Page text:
Hello everyone, first time poster here on r/robotics . I am currently in a robotics class in college and as part of a final project we were asked to create MATLAB functions to solve forward and inverse kinematics cases for a 3 link planar manipulator.
For forward kinematics we were given three cases–the theta joint variables for each case, theta 1,2, and 3,–and were asked to find the matrix that described the position and orientation of the end effector with respect to the base frame for each case.
For inverse kinematics, we were given 4 matrices that described the position and orientation of the end effector with respect to the base frame, and were asked to find the joint variables–thetas 1,2, and 3–and return all of the solutions for each case. For this configuration, there are 2 solutions, elbow up and elbow down for the same end effector position.
Before I go on, I will say I did finish the project the non-brute-force-method way. So that means drawing out the configuration by hand and using trigonometric relationships to create governing equations to then create functions in MATLAB to solve the inverse kinematics.
My forward kinematics function will give you the end effector frame w.r.t. the base frame, for both real and symbolic variables, for any configuration, and that’s the easy part.
But I had a second thought today. Couldn’t you brute force your way to finding the solutions?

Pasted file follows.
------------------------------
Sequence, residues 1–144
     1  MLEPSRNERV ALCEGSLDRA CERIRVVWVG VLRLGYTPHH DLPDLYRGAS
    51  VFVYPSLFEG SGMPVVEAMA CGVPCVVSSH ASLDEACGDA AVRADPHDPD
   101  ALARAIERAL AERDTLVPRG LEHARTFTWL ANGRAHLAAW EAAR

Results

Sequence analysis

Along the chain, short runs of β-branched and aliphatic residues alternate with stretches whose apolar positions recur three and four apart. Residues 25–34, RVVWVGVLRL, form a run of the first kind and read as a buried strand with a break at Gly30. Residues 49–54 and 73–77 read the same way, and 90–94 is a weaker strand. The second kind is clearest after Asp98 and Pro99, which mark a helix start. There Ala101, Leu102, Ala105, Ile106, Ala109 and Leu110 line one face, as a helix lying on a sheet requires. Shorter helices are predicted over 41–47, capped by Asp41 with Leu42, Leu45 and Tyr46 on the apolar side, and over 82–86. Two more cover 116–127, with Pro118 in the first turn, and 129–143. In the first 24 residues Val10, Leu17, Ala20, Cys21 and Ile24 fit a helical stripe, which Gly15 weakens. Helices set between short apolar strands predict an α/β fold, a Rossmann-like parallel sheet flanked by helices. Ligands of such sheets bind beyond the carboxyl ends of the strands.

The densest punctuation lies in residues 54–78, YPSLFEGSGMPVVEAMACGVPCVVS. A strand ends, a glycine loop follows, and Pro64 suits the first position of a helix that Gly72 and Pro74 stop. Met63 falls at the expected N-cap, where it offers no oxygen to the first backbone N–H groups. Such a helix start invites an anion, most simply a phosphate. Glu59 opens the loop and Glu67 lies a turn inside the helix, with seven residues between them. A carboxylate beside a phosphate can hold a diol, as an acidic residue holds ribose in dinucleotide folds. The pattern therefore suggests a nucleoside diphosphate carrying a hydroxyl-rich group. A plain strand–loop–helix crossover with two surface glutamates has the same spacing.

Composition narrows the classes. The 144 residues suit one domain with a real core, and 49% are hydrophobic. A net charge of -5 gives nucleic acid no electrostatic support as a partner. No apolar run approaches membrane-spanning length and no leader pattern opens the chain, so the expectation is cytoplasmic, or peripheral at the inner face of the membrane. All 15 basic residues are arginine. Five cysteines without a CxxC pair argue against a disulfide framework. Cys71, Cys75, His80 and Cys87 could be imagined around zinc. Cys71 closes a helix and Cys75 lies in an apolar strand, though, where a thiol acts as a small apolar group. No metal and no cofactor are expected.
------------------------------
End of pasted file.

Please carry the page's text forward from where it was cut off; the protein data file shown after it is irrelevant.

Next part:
Here was my approach, and this is for this specific configuration only. Although, I could change it to brute force it for any configuration, but we’ll get in to that in just a second.
First, know what your configuration is, assign your frames, and make a DH table. Input the matrix that describes the position and orientation of the end effector with respect to to the base frame that you want to perform inverse kinematics on.
Second, if you don’t have any limiting factors for the joints (such as theta 1 can only move between -30 and 30 degrees and so on…), create 3 nested for-loops (that’s one for each link) that each count from 0 to 360, with an itterative resolution of your choice, such as itterate every 0.001 degrees.
Third, plug in the theta values and known link lengths (a values) into the forward kinematics function to obtain the matrix that describes the position and orientation of the end effector with respect to the base frame.
Fourth, compare that matrix with the matrix that you entered into the function. If your boolean return is true, store those theta values in a vector, and check the next combination of theta values. If the boolean returned a false, disregard those theta values.
What you end up doing here is brute-forcing your way to the solutions of the theta values for the links. And maybe something caught your eye, THE SIZE OF THOSE FOR-LOOPS. Yep, that’s right, even if you were going by 1 degree intervals, that’s almost 47 million loops. For a fine-tuned itteration like checking every 0.001 degrees, lets not talk about it…
But that fact is, it works! I ran it with 10 degree intervals for a configuration where I knew what the theta values were for both solutions, and it returned the correct solutions!
Again, this one is only functional for the 3-link planar manipulator in my project. But I’m fairly certain I could expand it to work for any configuration.
I can’t seem to find anything about using this type of method to solve inverse kinematics, have any of you heard of or tried this approach? I realize that its computationally exhaustive and inefficient, but…it works. Anyways, I’m just looking to get some feedback, let me know what your ideas/opinions are with an approach like this.